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Research Opportunities in Space Biology (ROSBio)
This National Aeronautics and Space Administration (NASA) Research Announcement (NRA), titled Research Opportunities in Space Biology (ROSBio) - 2018, provides the framework for soliciting basic and applied Space Biology research in support of NASA’s Space Life and Physical Sciences Research and Applications Division (SLPSRAD) and the space exploration goals of NASA’s Human Exploration and Operations Mission Directorate (HEOMD). ROSBio2018 is an omnibus document covering all aspects of basic and applied supporting research and technology in Space Biology. Research opportunities will be announced by issuing Appendices to this NRA, to include, but not limited to: theory, modeling, and analysis of GeneLab or other science data; aircraft, scientific balloon, sounding rocket, International Space Station (ISS), CubeSat, free-flyer and suborbital reusable launch vehicle investigations; development of experiment techniques suitable for future ROSBio-2018 space missions; development of concepts for future ROSBio-2018 space missions; development of advanced technologies relevant to ROSBio-2018 missions; development of techniques for and the laboratory analysis of spaceflight samples returned by spacecraft, as well as ground-based samples that support or otherwise help verify observations from flight science missions; development of integrated biological models; development of systems for applying flight research data to societal needs; and development of applied information systems applicable to SLPSRAD objectives and data.
Specific research opportunities will be announced periodically throughout the coming year as Appendices to this omnibus NRA. Each Appendix will contain detailed information about specific research emphases, applicable platforms, model specimen types, and solicitation logistics sought at the time the Appendix is released. Solicitation Appendices will be released periodically as areas of research are identified.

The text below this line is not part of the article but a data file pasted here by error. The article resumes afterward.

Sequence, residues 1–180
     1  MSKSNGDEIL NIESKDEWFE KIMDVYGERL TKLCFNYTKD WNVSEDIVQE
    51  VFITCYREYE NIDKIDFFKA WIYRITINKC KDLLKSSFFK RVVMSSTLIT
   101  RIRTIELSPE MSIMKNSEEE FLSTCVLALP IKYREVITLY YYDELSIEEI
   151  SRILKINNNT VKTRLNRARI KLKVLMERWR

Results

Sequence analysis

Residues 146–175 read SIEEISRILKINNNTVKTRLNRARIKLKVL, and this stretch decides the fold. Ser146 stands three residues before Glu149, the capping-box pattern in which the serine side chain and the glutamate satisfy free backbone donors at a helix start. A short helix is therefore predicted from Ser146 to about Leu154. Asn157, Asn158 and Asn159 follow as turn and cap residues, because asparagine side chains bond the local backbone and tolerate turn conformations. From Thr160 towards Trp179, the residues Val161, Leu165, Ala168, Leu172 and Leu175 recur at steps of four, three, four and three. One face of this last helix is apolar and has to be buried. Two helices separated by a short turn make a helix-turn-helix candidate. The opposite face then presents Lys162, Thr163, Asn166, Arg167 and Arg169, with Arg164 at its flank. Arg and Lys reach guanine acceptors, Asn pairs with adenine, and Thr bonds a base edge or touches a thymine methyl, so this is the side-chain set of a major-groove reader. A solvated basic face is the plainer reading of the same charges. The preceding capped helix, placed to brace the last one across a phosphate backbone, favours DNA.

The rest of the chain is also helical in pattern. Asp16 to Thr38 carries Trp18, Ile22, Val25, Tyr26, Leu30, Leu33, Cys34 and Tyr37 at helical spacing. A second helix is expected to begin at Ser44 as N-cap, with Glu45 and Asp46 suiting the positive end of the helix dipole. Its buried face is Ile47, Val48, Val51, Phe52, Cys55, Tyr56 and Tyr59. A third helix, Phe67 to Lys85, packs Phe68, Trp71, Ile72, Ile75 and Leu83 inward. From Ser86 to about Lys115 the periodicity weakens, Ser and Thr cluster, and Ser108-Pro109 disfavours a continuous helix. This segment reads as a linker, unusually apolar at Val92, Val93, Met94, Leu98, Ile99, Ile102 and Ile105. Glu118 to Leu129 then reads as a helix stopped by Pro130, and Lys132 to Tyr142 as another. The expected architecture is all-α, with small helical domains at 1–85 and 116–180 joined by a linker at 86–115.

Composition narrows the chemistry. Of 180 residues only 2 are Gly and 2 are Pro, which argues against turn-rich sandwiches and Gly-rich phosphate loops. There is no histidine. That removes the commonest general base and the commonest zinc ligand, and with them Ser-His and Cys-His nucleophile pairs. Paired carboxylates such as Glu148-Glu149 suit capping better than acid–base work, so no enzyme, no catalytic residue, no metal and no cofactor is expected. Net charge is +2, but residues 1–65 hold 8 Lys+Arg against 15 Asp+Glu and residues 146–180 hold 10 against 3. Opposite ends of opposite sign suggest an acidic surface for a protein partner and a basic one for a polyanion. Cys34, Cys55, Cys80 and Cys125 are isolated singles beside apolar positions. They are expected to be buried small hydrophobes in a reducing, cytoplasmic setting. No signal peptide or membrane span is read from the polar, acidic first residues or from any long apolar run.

Closing Date: July 31, 2023
Areas of Interest
Step-1 Proposals Due: December 2, 2019
This Appendix to the Research Opportunities in Space Biology (ROSBio) - 2018 NASA Omnibus Research Announcement (hereafter referred to as ROSBio–2018 Omnibus NRA) solicits proposals that will increase NASA’s understanding of how living systems acclimate to spaceflight to support human space exploration. Multiple platforms are available to conduct scientific research investigations.
• The ISS provides a unique platform to conduct experiments in low-Earth orbit (LEO) to answer key science questions on biological responses to an extended duration of spaceflight with on-board human operators available for experiment procedure purposes.
• Ground-based research provides the basis for the design of future spaceflight experiments, broadens fundamental knowledge, and leads to new science questions and improved technologies to use in space exploration.
• Spaceflight, spaceflight analogs (e.g., parabolic flight, suborbital flights, balloons, etc.), and ground-based analog paradigms, such as rodent hindlimb or quadrupedal partial unloading, are critical to research efforts that provide understanding of how biological systems adapt to the microgravity aspect of spaceflight.